by Michael Maharrey
As I sit down to write this, lawmakers in states around the country have introduced bills designed to thwart NSA spying at the state and local level.
The media attention primarily focuses on provisions in the Fourth Amendment Protection Act that deny material support by the state to the NSA. In places like Utah, where a subdivision of the state supplies water to the spy agency’s data center, this could mean turning off the flow. No water equals no cooling for the facility’s gigantic computers. This provision certainly makes up an important part of the OffNow coalition strategy and it probably counts as the most “sexy.” Thus the media attention.
But, another oft-overlooked provision will likely have a much more immediate and dramatic effect on a state level. Along with prohibiting state agencies from providing material support or assistance to NSA spying, the legislation also makes any warrantless data shared with the state by federal spies inadmissible in state court. This will mitigate one of the worst practical effects of the NSA spy program.
All states which have introduced our model 4th Amendment Protection Act have a provision in their bill to do just that. Some states, not ready to take on all four steps against federal surveillance, have legislation to focus on just this one important part of the strategy. In fact, lawmakers in Kansas, Missouri, New Hampshire and elsewhere are considering bills specifically addressing this kind of data sharing. Others, like Illinois and Minnesota, have legislation to ban the state from “obtaining” cell phone location data without a warrant.
Why is this so important?
Well, we know that NSA collects, stores, and analyzes data on countless millions of people without a warrant, and without even the mere suspicion of criminal activity. We also know that the NSA is tracking the physical location of people through their cellphones. In late 2013, the Washington Post reported that NSA is “gathering nearly 5 billion records a day on the whereabouts of cellphones around the world.” This includes location data on “tens of millions” of Americans each year – without a warrant.
We know that, through fusion centers, state and local law enforcement act as information recipients from various federal departments under Information Sharing Environment (ISE). We also know that ISE partners include the Office of Director of National Intelligence, which is an umbrella covering 17 federal agencies and organizations, including the NSA.
We know that the NSA expressly shares warrantless data with state and local law enforcement through a super-secret DEA unit known as the Special Operations Division (SOD). We know that information is being used for criminal prosecutions. And, we know from a Reuters report that most of this shared data has absolutely nothing to do with national security issues. Most of it involves routine criminal investigations.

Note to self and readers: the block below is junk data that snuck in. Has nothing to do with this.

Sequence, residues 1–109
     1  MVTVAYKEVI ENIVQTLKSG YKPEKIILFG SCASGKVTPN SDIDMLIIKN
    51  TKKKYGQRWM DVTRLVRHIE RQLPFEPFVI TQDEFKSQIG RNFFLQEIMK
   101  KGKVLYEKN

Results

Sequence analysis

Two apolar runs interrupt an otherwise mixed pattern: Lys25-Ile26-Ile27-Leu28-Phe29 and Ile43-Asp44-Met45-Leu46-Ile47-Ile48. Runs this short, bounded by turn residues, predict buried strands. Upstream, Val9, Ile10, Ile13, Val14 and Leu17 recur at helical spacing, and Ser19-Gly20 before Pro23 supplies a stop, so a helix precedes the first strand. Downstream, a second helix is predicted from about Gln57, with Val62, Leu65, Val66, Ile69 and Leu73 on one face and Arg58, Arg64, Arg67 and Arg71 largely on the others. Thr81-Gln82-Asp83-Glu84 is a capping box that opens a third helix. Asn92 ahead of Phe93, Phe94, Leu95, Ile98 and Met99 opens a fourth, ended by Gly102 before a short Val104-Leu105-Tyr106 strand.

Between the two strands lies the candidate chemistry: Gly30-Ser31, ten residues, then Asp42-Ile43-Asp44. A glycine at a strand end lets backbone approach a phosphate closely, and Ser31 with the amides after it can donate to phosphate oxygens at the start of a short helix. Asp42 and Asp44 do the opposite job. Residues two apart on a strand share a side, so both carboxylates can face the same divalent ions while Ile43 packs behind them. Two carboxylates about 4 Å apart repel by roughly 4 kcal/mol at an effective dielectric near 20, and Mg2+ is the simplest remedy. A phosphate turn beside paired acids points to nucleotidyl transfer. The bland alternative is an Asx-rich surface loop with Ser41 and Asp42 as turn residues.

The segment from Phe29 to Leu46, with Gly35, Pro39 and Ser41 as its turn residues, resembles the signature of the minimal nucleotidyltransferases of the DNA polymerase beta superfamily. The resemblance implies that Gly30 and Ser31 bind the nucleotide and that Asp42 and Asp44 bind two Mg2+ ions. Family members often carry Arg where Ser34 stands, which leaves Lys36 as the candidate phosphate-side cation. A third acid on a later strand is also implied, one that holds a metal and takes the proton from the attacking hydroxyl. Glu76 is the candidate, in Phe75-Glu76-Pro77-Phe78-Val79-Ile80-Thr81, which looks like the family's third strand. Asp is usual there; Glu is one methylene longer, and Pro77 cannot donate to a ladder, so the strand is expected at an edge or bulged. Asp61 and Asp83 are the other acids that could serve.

This data sharing shoves a dagger into the heart of the Fourth Amendment. The Fourth Amendment Protection Act would stop that from happening.
Of course, as with any legislative strategy, prohibiting the use of shared NSA data has its naysayers. The feds cloak the entire SOD program with secrecy. In fact, according to the Reuters article, the SOD encourages state and local law enforcement to hide the origins of information they receive.
Although these cases rarely involve national security issues, documents reviewed by Reuters show that law enforcement agents have been directed to conceal how such investigations truly begin – not only from defense lawyers but also sometimes from prosecutors and judges.
Knowing this, detractors call our strategy useless.
“How would anybody know where the info came from if it’s all secret? Prohibiting sharing won’t stop anything,” they say.
There exists an easy rhetorical response. Most major crimes take place in secret. Does that mean we should place no prohibition on murder because criminals try to cover it up and get away with it?
Of course not!
But practically speaking, prohibiting the use of unconstitutionally gathered data in court will incentivize defense attorneys to dig more deeply into the origins of evidence. As the Reuters report indicates, that makes the feds nervous and results in dropped charges.
As a practical matter, law enforcement agents said they usually don’t worry that SOD’s involvement will be exposed in court. That’s because most drug-trafficking defendants plead guilty before trial and therefore never request to see the evidence against them. If cases did go to trial, current and former agents said, charges were sometimes dropped to avoid the risk of exposing SOD involvement.
Furthermore, if defense attorneys know they will automatically get evidence tossed if they can prove it was gathered by the feds without a warrant, they will work a lot harder to determine where exactly information came from. Make no mistake, attorneys will uncover illegally gathered evidence when they know it will lead to acquittals.
So, further defining this type of data as inadmissible in court will undoubtedly increase the protection of basic civil liberties.
While states may not have the means to completely stop NSA spying, they certainly have the power to minimize some of its practical effects. Where this opportunity exists, states should take it.